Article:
The International Longshore and Warehouse Union Local 5, which has represented the employees of Powell's Books in Portland, Ore., since 1999, announced last week that it has filed numerous grievances with the bookstore's management over the ongoing dispute over the store's rehiring process.

In a statement released on May 6, the union said that 150 Powell's workers, out of some 340 laid off in March of 2020, remain out of work. As time has passed, the store hired back some staff to fulfill online orders, and has begun hiring more and more workers as the chain edges closer to normal operations. A representative from Powell's told Willamette Week that in the most recent round of hires, conducted last month, the store filled 46 jobs, 41 of which went to union employees.

Under dispute is whether or not Powell's is obliged to honor employees' prior seniority, salaries, and benefits. The union says that the store, in a string of emails last year, had agreed to honor the employees' work history upon rehiring. The store, on the other hand, asserts that, since more than 12 months have passed, they are under no such obligation, and has insisted that former employees reapply for their old jobs.

How this came to pass has become a matter of both sides offering differing versions of events, and as a result, the narrative is somewhat muddled. In April, Powell's management issued a statement that it had offered the union extended terms by which it would rehire employees under the existing contract for six months. The terms of the contract covering job rehires are, according to the union, as follows:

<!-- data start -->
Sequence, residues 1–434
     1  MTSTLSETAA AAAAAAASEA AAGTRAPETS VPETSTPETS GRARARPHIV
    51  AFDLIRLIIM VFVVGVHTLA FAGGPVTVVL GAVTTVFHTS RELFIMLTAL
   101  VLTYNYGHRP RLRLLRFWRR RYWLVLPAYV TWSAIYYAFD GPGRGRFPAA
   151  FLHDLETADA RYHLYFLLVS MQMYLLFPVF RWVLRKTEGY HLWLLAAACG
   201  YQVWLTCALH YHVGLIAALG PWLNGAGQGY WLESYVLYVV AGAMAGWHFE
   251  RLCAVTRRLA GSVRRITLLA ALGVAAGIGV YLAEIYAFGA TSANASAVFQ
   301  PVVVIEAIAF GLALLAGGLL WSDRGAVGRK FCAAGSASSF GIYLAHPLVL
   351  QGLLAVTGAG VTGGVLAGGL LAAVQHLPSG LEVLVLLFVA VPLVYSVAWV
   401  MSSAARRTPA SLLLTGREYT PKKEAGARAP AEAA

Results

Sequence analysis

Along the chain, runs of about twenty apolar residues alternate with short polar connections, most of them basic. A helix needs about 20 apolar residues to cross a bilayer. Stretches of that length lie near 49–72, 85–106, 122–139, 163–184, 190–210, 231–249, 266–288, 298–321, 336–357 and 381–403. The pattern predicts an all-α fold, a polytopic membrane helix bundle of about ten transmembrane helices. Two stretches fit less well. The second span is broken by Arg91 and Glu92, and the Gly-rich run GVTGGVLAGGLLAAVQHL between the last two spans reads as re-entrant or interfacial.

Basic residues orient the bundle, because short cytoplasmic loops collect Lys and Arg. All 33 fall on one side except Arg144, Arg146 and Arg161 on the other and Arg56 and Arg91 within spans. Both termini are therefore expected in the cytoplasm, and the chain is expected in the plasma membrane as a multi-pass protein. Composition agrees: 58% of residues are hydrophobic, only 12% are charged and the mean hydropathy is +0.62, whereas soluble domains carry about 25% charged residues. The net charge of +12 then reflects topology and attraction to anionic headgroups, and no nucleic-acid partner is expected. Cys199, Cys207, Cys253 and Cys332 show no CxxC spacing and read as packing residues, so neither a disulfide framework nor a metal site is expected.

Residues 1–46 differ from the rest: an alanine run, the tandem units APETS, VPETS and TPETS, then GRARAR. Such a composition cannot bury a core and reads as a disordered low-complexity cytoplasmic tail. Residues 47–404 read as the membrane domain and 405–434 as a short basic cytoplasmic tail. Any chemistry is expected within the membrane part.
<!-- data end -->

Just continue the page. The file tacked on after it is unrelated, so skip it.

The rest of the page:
"Laid-off employees who desire the right to reinstatement will have up to two (2) calendar days to preference in writing up to two (2) job titles. A laid-off employee’s first preference must be their own job title unless it no longer exists in which case they may preference a different job title or group. The intent and primary objective of this recall procedure is to provide regular employees whose employment has been terminated in a layoff with priority rights to reinstatement to the former job title and location. Recall rights are extended to laid-off employees who were regular employees at the time of the layoff."

The store told PW that their offer to extend these terms for six months was made to the union as a "final offer"—indicating it was unwilling to negotiate—but that the union proposed a counteroffer, thus indicating to the store the union had rejected the store's terms. The store then went ahead and started posting job openings.

The union, on the other hand, has said that the store management made clear that, due to the length of the layoffs, which have now stretched on for more than a year, Powell's considers the terms agreed to by the employees' contracts no longer applicable. No mention of an offer of a six-month extension was made by the union. The union claims store management abruptly ended communication in April.

Publicly, ILWU Local 5 has been appealing to management's sense of loyalty, and has called out Emily Powell personally for being absent from communications with former employees. The union noted in its most recent release that among those impacted by the layoffs and hiring practices are a number of workers who "have worked at the bookstore for decades," adding that some "were the very individuals who provided [Emily Powell] training in the stacks and at the book buying counter as she learned about the ins and outs of the business her father, Michael Powell, and grandfather, Walter Powell, built."

The union added: "Despite a debt of gratitude owed to those workers who have invested their lives in making Powell’s the incredible independent bookstore it is, Emily and Powell’s management have opted to abandon lifelong booksellers, instead seeking to fill positions by a general call to the public."

The union has given management 60 days to reply to the grievances, after which it is likely to pursue arbitration.